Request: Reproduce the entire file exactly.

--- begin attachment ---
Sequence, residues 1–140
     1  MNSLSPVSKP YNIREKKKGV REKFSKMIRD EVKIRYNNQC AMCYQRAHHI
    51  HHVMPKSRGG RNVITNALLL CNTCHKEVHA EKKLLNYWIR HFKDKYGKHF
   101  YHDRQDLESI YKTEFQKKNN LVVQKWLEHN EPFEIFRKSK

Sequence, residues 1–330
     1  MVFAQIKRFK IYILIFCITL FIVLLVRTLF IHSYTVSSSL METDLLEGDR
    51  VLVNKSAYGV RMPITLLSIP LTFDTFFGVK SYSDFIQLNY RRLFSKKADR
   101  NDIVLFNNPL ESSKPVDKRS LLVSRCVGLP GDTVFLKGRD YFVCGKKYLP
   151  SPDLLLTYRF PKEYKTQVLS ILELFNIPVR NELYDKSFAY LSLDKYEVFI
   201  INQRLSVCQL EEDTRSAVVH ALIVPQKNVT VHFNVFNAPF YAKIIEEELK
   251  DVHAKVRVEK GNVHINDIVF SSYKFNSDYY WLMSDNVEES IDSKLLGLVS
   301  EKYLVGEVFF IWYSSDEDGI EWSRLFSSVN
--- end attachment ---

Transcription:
Sequence, residues 1–140
     1  MNSLSPVSKP YNIREKKKGV REKFSKMIRD EVKIRYNNQC AMCYQRAHHI
    51  HHVMPKSRGG RNVITNALLL CNTCHKEVHA EKKLLNYWIR HFKDKYGKHF
   101  YHDRQDLESI YKTEFQKKNN LVVQKWLEHN EPFEIFRKSK

Sequence, residues 1–330
     1  MVFAQIKRFK IYILIFCITL FIVLLVRTLF IHSYTVSSSL METDLLEGDR
    51  VLVNKSAYGV RMPITLLSIP LTFDTFFGVK SYSDFIQLNY RRLFSKKADR
   101  NDIVLFNNPL ESSKPVDKRS LLVSRCVGLP GDTVFLKGRD YFVCGKKYLP
   151  SPDLLLTYRF PKEYKTQVLS ILELFNIPVR NELYDKSFAY LSLDKYEVFI
   201  INQRLSVCQL EEDTRSAVVH ALIVPQKNVT VHFNVFNAPF YAKIIEEELK
   251  DVHAKVRVEK GNVHINDIVF SSYKFNSDYY WLMSDNVEES IDSKLLGLVS
   301  EKYLVGEVFF IWYSSDEDGI EWSRLFSSVN